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The Art of Triangulation in Couples Counseling

January 10, 2013

 

You can tell the state of the situation the moment they walk into the room. If they are sitting far apart on the couch or in different chairs, you’ve got your work cut out for you. Couples counseling is among the most difficult of processes for a therapist. While on one hand you want to be the glue that gets a team back together. You also do not want to encourage a toxic relationship. It is not our responsibility to make decisions for our clients, but to lead them down the correct path. Therapy cannot always fix relationships; it clarifies what is going on and that does not mean everyone walks out happy.

 

The first question I ask when confronted by a clearly out-of-touch couple is, “OK, which of you has one foot out the door and is just here to show you have made an effort?” And then I dive in. Recently, one partner just blurted out, “I never should have gotten married. I want an immediate divorce. I want you to move out now. This is over.” My other client felt like he was smashed with a baseball bat. He thought that after almost a year of marriage and three years of dating, things were going well. She was bored out of her mind and said so. What I find most interesting is that she said all this to me with him sitting in the room. It was easier to say with a witness who might interpret what was going on. This was fairly clear. He, an always calm, often silent partner, had no retort at all. Any questions about the relationship were answered negatively by her and got a shoulder shrug by him. He is currently packing up, preparing to return to Mom’s and still there has been no substantive conversation. Meeting with them separately she asked why he did not fight for her, even though she would not change her mind. Meeting with him, his response is that she was so definite and mean-spirited that he could not see a reason to “fight” for the relationship. He no longer wanted it. But neither could say that to one another. To stay together would have proven toxic for both which we discussed at a closing couples session. I felt it was necessary to get them to share their thoughts and see just where the relationship derailed. Again, they were not able to look one another in the eye, but talked through me. I was safe, unemotionally, only judgmental for noting that the initial demand was a surprise and really abrupt and perhaps unkind considering a 4 year relationship.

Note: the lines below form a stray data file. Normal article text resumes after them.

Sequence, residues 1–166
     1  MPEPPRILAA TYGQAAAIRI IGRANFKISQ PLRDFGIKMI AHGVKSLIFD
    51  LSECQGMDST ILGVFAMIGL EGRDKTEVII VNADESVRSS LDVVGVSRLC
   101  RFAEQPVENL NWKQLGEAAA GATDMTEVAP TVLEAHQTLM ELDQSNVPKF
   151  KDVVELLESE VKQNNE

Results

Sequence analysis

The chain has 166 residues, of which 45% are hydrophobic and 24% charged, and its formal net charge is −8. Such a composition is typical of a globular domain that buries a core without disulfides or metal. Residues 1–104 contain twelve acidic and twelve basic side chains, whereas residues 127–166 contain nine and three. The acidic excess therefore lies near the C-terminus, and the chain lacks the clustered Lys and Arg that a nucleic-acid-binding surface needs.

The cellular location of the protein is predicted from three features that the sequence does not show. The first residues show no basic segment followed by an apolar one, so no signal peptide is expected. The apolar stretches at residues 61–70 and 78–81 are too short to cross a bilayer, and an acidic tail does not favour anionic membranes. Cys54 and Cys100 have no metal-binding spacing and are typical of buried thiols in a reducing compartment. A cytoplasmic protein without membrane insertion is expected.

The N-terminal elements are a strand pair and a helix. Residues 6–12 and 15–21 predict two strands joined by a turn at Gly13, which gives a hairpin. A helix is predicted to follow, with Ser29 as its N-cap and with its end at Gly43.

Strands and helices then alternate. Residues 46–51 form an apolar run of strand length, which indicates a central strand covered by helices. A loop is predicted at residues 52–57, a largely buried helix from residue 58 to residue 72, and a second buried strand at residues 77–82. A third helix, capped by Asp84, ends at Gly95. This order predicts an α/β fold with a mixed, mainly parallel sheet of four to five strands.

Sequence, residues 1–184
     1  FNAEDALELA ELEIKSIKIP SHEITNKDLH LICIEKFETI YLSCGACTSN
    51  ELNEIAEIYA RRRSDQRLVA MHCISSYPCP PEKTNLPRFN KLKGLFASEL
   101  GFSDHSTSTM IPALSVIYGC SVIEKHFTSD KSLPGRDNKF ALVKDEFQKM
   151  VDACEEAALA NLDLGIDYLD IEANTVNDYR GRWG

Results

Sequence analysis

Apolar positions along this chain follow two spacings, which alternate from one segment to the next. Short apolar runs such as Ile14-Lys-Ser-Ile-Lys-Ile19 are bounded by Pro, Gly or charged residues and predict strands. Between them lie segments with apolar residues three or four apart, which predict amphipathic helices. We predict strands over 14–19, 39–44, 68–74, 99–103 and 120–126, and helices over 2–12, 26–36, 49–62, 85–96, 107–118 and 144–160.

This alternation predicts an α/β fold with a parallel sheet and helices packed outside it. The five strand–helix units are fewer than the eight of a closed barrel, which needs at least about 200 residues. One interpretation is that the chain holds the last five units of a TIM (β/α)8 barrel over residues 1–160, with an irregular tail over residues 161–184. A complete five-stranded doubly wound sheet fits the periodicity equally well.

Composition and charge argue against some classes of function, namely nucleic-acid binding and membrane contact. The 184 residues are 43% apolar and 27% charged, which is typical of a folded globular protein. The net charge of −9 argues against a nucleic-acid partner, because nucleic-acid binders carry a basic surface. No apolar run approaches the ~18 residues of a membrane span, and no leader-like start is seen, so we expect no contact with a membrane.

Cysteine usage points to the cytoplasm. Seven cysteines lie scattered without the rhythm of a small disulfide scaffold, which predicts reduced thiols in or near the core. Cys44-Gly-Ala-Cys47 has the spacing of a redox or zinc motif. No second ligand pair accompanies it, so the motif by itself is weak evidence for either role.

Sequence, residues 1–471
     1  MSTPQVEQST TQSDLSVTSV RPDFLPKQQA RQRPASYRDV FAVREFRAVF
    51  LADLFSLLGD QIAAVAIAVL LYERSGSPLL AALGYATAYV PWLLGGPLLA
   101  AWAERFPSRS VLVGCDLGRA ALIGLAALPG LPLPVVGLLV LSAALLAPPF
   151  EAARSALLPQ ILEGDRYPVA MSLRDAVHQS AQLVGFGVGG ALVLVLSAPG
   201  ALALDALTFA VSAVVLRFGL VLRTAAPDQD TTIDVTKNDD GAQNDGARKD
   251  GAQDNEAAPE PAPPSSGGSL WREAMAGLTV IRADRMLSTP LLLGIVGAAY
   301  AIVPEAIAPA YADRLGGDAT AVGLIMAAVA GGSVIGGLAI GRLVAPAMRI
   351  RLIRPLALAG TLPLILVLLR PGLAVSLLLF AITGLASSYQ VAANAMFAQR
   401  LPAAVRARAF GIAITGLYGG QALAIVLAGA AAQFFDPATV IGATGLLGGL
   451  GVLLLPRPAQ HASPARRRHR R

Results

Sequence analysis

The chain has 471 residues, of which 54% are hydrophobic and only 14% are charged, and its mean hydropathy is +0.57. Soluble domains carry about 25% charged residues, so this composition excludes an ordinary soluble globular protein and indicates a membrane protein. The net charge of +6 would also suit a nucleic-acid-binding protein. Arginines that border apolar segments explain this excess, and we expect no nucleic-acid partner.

On a more positive note, I have sat with couples apparently estranged and got them to talk through me and say the things they could not say to one another. A lot of this had to do with sex. Somehow, it stopped. They had moved into separate rooms, apparently due to snoring issues, and never had sex again. The woman was suffering from the natural after-effects of being post-menopausal; symptoms where intercourse can be painful (while easy to remedy) and her embarrassment at bringing it up. He, a 65-year old still very virile man was unhappy. And rather than approach this situation with his spouse, went elsewhere for intimacy. Finally, through discussion, a visit to her gynecologist (I suggested he attend), the appropriate simple medication, and some lubricant, life was able to continue as it was. But the initial discussion was too painful for either to bring up with each other.

 

Asked often, so does therapy work? The answer is an overwhelming “yes.” It allows people to voice to a relative stranger what they cannot voice to one another. That is somehow more comfortable, less threatening or embarrassing and more honest. The triangulated discussion of speaking through a therapist and allowing her/him to then lead a circular discussion can work magic. Therapy sometimes can be that magic pill you never have to take. It is helping those give voice to what they can never say and helping them through that process.

 

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